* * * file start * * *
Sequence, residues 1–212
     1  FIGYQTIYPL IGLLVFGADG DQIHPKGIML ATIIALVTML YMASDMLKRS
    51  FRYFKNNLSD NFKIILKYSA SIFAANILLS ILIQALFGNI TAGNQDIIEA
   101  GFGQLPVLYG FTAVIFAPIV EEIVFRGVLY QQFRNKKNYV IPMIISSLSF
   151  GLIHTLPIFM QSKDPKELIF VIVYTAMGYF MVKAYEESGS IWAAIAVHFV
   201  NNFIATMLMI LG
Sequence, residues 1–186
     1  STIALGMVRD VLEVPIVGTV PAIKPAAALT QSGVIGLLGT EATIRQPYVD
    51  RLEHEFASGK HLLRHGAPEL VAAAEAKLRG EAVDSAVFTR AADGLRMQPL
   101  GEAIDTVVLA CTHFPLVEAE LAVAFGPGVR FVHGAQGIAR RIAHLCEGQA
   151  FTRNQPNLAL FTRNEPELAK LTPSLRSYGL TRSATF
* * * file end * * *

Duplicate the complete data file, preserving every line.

Sequence, residues 1–212
     1  FIGYQTIYPL IGLLVFGADG DQIHPKGIML ATIIALVTML YMASDMLKRS
    51  FRYFKNNLSD NFKIILKYSA SIFAANILLS ILIQALFGNI TAGNQDIIEA
   101  GFGQLPVLYG FTAVIFAPIV EEIVFRGVLY QQFRNKKNYV IPMIISSLSF
   151  GLIHTLPIFM QSKDPKELIF VIVYTAMGYF MVKAYEESGS IWAAIAVHFV
   201  NNFIATMLMI LG
Sequence, residues 1–186
     1  STIALGMVRD VLEVPIVGTV PAIKPAAALT QSGVIGLLGT EATIRQPYVD
    51  RLEHEFASGK HLLRHGAPEL VAAAEAKLRG EAVDSAVFTR AADGLRMQPL
   101  GEAIDTVVLA CTHFPLVEAE LAVAFGPGVR FVHGAQGIAR RIAHLCEGQA
   151  FTRNQPNLAL FTRNEPELAK LTPSLRSYGL TRSATF